Two from the Times: … From “A.I.” to Zeitgeist …
Audiences may have expected something more upbeat from Mr. Spielberg and even from the darker-toned Mr. Kubrick � who, after all, directed “2001: A Space Odyssey.” In that film, HAL the computer begins to run amok, but he is vanquished when a human pulls his plug. By the end of “A.I.,” though, there is no person left even to switch off the lights.
Somehow, in collaborating on this futuristic fairy tale, Mr. Spielberg and the late Mr. Kubrick morphed into the brothers grim. Theirs may be a fitting story for anyone who has seen his 401(k) portfolio wiped out by the crash of tech stocks. But it isn’t the story many people feel like paying to watch right now.
… and Shashi Tharoor on Indians writing in English.
The new Indian writers dip into a deep well of memory and experience far removed from those of their fellow novelists in the English language. But whereas Americans or Englishmen or Australians have also set their fictions in distant lands, Indians write of India without exoticism, their insights undimmed by the dislocations of foreignness. And they do so in an English they have both learned and lived, an English of freshness and vigor, a language that is as natural to them as their quarrels at the school playground or the surreptitious notes they slipped each other in their classrooms.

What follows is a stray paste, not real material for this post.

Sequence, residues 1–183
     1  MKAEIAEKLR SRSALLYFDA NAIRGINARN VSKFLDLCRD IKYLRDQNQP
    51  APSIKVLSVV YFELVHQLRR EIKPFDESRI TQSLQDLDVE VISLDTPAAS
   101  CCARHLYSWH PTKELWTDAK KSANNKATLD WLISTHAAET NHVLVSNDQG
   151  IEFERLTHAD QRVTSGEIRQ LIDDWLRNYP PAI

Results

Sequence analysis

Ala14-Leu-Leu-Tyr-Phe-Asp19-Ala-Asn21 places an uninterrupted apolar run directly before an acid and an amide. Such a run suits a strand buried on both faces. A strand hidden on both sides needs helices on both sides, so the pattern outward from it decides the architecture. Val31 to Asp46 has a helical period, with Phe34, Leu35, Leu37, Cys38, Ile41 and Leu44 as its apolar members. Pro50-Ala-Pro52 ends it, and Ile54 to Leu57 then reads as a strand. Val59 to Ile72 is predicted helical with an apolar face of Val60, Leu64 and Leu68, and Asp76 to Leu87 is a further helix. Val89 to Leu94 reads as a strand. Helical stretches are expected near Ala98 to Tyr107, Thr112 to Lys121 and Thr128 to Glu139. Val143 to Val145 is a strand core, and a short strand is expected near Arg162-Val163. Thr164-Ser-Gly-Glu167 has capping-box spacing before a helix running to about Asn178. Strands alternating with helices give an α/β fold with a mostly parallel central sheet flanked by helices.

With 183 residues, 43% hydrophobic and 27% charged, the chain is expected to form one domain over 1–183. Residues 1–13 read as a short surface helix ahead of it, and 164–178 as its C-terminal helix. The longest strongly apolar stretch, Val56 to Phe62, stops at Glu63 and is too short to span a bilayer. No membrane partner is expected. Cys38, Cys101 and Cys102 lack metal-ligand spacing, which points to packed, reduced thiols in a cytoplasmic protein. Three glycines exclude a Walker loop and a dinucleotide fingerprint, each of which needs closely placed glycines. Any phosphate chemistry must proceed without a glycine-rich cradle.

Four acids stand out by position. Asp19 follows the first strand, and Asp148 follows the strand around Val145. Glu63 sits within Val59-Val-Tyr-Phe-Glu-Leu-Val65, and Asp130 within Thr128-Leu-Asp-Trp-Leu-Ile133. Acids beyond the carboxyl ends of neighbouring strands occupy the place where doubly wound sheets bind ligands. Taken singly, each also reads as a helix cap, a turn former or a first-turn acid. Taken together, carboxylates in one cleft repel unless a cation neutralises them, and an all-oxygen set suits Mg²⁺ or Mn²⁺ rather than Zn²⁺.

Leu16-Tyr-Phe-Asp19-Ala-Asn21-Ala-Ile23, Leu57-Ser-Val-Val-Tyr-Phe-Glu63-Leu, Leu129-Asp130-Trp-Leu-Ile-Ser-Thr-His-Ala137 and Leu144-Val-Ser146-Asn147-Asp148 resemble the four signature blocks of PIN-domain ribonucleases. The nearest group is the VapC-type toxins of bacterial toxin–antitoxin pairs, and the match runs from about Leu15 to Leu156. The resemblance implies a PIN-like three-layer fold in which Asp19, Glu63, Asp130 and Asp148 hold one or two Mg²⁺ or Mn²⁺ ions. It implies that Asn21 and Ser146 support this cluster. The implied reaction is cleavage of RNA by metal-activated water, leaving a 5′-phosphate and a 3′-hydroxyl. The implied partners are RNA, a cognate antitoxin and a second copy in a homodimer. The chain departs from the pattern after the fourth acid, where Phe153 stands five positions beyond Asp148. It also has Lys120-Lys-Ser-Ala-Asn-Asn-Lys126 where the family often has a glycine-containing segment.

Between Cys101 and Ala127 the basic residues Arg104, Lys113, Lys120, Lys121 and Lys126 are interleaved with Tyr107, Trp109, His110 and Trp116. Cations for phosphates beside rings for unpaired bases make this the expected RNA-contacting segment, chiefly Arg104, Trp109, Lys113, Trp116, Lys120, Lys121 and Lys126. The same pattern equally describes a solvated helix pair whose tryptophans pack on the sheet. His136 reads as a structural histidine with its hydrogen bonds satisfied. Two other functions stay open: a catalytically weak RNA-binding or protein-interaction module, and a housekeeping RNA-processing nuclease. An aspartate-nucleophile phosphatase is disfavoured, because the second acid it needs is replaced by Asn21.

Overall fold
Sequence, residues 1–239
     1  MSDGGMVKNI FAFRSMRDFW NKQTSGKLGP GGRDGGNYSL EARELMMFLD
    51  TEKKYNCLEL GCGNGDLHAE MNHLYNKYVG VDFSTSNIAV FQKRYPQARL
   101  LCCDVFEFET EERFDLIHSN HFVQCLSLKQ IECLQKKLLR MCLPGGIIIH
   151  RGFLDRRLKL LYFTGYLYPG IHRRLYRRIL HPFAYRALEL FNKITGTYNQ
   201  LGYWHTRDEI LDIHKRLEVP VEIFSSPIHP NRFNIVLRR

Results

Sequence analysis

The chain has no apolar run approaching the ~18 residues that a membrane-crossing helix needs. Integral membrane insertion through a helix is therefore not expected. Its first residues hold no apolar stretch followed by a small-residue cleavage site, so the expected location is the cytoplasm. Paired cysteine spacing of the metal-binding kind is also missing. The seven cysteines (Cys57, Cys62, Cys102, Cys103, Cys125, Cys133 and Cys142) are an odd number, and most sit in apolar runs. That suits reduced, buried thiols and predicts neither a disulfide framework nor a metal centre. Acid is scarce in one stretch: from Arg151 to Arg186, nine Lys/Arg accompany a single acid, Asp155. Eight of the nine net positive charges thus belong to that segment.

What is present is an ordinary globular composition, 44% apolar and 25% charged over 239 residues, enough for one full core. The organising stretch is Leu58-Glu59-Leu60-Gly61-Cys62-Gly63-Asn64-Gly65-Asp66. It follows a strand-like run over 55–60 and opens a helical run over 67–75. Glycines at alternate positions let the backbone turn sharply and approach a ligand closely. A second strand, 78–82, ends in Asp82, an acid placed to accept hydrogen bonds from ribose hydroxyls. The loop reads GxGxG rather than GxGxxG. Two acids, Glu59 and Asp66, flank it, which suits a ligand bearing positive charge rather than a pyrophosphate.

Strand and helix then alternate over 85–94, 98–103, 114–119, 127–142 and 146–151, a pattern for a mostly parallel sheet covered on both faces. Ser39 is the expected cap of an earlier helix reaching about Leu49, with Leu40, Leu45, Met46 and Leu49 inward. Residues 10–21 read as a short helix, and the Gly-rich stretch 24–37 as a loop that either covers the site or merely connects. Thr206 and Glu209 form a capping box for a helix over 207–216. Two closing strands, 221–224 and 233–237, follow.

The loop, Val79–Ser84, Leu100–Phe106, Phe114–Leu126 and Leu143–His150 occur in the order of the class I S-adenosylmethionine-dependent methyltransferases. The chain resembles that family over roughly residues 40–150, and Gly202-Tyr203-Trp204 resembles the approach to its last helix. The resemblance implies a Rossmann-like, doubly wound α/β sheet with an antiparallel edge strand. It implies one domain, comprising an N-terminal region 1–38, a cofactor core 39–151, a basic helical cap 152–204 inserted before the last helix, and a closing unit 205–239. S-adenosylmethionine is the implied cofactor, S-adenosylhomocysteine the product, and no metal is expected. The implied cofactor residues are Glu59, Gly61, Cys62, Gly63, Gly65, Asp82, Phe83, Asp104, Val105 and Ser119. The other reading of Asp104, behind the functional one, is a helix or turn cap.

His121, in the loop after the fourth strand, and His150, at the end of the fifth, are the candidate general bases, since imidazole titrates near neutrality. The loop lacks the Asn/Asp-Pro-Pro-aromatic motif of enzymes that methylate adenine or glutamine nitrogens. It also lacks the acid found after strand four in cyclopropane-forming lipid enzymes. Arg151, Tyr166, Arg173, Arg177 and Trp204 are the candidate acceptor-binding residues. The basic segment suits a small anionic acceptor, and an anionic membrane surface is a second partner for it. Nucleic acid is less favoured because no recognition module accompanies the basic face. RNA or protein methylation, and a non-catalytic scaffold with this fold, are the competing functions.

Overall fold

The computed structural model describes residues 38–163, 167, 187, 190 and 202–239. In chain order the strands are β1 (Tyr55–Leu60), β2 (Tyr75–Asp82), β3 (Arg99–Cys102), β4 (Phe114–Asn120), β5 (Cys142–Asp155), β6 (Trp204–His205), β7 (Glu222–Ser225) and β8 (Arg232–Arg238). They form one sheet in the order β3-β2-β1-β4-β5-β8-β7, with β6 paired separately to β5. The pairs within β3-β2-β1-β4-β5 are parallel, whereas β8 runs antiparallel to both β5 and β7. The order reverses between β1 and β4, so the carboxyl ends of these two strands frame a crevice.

Yet Indian critics still suggest that there is something artificial and un-Indian about an Indian writing in English. One critic disparagingly declared that the acid test ought to be, “Could this have been written only by an Indian?” I have never been much of a literary theoretician � I always felt that for a writer to study literature at university would be like learning about girls at medical school � but for most, though not all, of my own writing, I would answer that my works could not only have been written only by an Indian, but only by an Indian in English.
I write for anyone who will read me, but first of all for Indians like myself, Indians who have grown up speaking, writing, playing, wooing and quarreling in English, all over India. (No writer really chooses a language: the circumstances of his upbringing ensure that the language chooses him.)